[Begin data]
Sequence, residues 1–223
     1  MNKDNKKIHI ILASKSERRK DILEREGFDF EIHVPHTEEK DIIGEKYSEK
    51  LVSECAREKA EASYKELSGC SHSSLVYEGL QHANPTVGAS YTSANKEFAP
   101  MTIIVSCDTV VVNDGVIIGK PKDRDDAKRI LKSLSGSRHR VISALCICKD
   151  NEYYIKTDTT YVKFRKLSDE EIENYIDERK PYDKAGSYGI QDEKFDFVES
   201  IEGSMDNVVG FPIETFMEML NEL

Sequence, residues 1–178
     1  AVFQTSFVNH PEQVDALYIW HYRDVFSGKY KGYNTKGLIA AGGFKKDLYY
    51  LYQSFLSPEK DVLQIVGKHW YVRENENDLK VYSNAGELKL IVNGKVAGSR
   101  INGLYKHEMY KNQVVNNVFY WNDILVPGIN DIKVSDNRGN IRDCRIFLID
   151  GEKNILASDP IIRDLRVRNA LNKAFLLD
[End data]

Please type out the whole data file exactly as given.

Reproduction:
Sequence, residues 1–223
     1  MNKDNKKIHI ILASKSERRK DILEREGFDF EIHVPHTEEK DIIGEKYSEK
    51  LVSECAREKA EASYKELSGC SHSSLVYEGL QHANPTVGAS YTSANKEFAP
   101  MTIIVSCDTV VVNDGVIIGK PKDRDDAKRI LKSLSGSRHR VISALCICKD
   151  NEYYIKTDTT YVKFRKLSDE EIENYIDERK PYDKAGSYGI QDEKFDFVES
   201  IEGSMDNVVG FPIETFMEML NEL

Sequence, residues 1–178
     1  AVFQTSFVNH PEQVDALYIW HYRDVFSGKY KGYNTKGLIA AGGFKKDLYY
    51  LYQSFLSPEK DVLQIVGKHW YVRENENDLK VYSNAGELKL IVNGKVAGSR
   101  INGLYKHEMY KNQVVNNVFY WNDILVPGIN DIKVSDNRGN IRDCRIFLID
   151  GEKNILASDP IIRDLRVRNA LNKAFLLD